Ambassador Stanley spoke of “the legacy of the Rebbe, who had such a profound influence not only on the Jewish people, but on the entire world. … He was an inspiration. I believe that his work, including in the United States, helped pave the way to bring me to where I am today—the first Jewish-American United States ambassador to Argentina.”
The event took place days before Passover, and Ambassador Stanley told the crowd that he was looking forward to celebrating what very likely would be the first Passover Seder to be held in the U.S. Ambassador’s residence in Buenos Aires.
Speaking of the work of Chabad of Argentina, from its synagogues and schools to its immense non-sectarian humanitarian projects, the ambassador noted that “the Rebbe described tikkun olam [repairing the world] as the mission of every human being. Even small acts, the Rebbe said, can help move the world” towards good, and the ultimate repair.
Others present at the gala were Argentinian economist Matías Tombolini, the former vice president of the National Bank of Argentina; National Deputy Waldo Wolff; and Eduardo Elsztain, one of the most prominent businessmen in Latin America.
Elsztain has often spoken of the personal and professional advice he directly received from the Rebbe as a young 24-year-entrepreneur, and how that has influenced his life ever since.
Growth of Jewish Life in Argentina
When Rabbi Berel Baumgarten first arrived in BuenosAires as the first Chabad emissary in Argentina in 1955, the Chassidic rabbi stood out like a sore thumb. Life was difficult, especially financially; even years after establishing himself in Argentina, his organization struggled financially. At times, he had difficulties even putting food on his table. But with his genuine Chassidic joy and warmth, coupled with his breadth of Torah scholarship, he became a magnet for Argentine Jews. Slowly and surely, with his unmatched determination, Chabad in Argentina grew.
After Baumgarten’s passing in 1978, the Rebbe sent Buenos Aires-native Rabbi Tzvi Grunblatt and his wife, Shterna, to take the reins. The 1980s, when the country was ruled by a military junta, but Grunblatt persevered, and Chabad grew. Today, it caters to Israeli backpackers hiking the Andes Mountains from its center in Bariloche, the southernmost Chabad center in the world; has centers in distant cities, such as Bahia Blanca, Salta and Cordoba; and runs schools, synagogues and social-service organizations throughout Buenos Aires itself.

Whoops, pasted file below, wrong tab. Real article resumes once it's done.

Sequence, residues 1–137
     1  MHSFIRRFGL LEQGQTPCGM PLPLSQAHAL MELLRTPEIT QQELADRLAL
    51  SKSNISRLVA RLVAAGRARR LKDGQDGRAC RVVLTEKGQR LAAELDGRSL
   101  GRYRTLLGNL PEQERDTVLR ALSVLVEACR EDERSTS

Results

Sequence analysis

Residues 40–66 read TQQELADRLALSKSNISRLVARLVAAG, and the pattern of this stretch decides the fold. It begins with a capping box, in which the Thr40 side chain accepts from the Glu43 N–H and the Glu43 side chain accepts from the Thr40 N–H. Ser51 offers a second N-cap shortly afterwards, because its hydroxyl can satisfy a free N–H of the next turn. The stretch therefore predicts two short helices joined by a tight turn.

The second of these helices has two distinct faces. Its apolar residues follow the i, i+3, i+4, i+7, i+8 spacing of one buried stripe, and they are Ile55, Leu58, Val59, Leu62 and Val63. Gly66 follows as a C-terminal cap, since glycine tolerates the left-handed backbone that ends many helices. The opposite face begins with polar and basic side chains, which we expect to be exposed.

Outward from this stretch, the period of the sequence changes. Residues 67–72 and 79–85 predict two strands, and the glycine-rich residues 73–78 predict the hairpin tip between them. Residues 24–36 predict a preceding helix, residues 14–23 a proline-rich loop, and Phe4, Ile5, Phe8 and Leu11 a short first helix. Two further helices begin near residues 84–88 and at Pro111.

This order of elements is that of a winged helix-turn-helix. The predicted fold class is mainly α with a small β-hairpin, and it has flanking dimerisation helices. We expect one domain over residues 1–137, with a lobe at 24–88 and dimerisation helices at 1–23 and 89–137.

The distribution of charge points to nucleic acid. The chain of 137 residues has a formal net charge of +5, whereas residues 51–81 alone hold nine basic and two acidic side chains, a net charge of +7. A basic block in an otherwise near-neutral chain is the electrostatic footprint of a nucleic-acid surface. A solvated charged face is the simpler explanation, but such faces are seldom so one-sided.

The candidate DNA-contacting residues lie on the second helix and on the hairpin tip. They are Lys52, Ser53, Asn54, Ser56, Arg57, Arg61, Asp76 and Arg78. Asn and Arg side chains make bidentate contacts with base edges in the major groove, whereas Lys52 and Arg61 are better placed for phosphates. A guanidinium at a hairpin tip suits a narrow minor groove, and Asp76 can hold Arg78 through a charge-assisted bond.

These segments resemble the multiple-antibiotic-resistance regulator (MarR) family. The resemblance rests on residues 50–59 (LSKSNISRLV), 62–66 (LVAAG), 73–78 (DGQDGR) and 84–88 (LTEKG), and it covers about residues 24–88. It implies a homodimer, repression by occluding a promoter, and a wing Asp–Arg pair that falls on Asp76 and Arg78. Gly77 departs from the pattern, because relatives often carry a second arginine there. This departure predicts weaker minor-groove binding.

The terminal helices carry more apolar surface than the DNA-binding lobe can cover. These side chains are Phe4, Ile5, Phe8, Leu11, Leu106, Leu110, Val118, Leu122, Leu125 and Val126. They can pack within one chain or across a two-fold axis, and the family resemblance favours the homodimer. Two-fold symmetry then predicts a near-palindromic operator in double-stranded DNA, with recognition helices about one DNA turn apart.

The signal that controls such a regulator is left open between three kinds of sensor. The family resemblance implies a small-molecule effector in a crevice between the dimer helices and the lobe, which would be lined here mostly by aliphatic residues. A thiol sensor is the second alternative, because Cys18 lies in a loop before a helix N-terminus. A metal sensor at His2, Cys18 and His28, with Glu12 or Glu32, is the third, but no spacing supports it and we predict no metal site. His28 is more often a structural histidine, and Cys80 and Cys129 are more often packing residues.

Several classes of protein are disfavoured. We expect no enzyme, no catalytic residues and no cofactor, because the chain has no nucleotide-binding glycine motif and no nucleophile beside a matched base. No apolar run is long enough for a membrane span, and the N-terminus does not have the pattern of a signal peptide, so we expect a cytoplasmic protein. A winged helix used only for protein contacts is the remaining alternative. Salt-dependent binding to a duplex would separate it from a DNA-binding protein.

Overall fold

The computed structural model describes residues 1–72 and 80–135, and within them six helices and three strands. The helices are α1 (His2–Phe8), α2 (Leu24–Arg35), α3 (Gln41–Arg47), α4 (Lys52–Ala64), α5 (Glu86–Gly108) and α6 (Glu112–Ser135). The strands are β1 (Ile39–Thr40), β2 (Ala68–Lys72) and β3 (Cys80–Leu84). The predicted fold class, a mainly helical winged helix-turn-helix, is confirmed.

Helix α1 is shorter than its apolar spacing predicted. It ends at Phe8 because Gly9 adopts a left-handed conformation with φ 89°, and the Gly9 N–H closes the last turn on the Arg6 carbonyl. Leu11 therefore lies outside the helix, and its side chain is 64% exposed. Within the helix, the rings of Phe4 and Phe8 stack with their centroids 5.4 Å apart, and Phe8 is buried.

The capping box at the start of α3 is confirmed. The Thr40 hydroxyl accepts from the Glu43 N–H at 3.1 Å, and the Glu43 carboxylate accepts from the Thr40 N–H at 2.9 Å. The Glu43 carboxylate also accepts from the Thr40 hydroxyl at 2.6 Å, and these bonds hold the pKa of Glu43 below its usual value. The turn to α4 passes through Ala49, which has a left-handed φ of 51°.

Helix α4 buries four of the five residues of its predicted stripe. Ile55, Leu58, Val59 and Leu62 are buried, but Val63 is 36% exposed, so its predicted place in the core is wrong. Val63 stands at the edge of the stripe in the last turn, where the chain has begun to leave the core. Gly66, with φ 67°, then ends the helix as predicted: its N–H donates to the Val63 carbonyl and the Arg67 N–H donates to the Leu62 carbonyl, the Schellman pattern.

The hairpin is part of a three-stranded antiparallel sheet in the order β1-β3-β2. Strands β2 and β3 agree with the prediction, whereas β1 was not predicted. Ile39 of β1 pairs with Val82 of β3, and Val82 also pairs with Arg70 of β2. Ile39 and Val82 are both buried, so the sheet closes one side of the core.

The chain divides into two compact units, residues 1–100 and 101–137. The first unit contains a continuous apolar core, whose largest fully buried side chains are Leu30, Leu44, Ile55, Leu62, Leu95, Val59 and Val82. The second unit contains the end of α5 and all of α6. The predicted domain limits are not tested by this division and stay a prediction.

The nationwide Your Action Illuminates campaign represents another step in Chabad’s work throughout Argentine society, bringing the Rebbe’s universal message of goodness and kindness to every corner of the country. Today, children in cities such as Tucumán and Rosario and beyond are placing charity in a pushka, and learning, to quote the project’s website, that it is up to them “to become sources of light” and that their “actions illuminate the world with kindness, justice, truth and solidarity.”
Back in 1983, with little money in the bank but a strong desire to expand Chabad’s operations, Grunblatt called the Rebbe’s office in Brooklyn, N.Y., and requested the secretaries to ask the Rebbe what he should do: ‘We are very cramped in our building. Should we build?’ ”
“I didn’t give any other details,” recalled Grunblatt.
“The Rebbe’s reply was to build, with no conditions, and the Rebbe sent $100,” he said. “See how that $100 has grown?”
This article has been reprinted with permission from chabad.org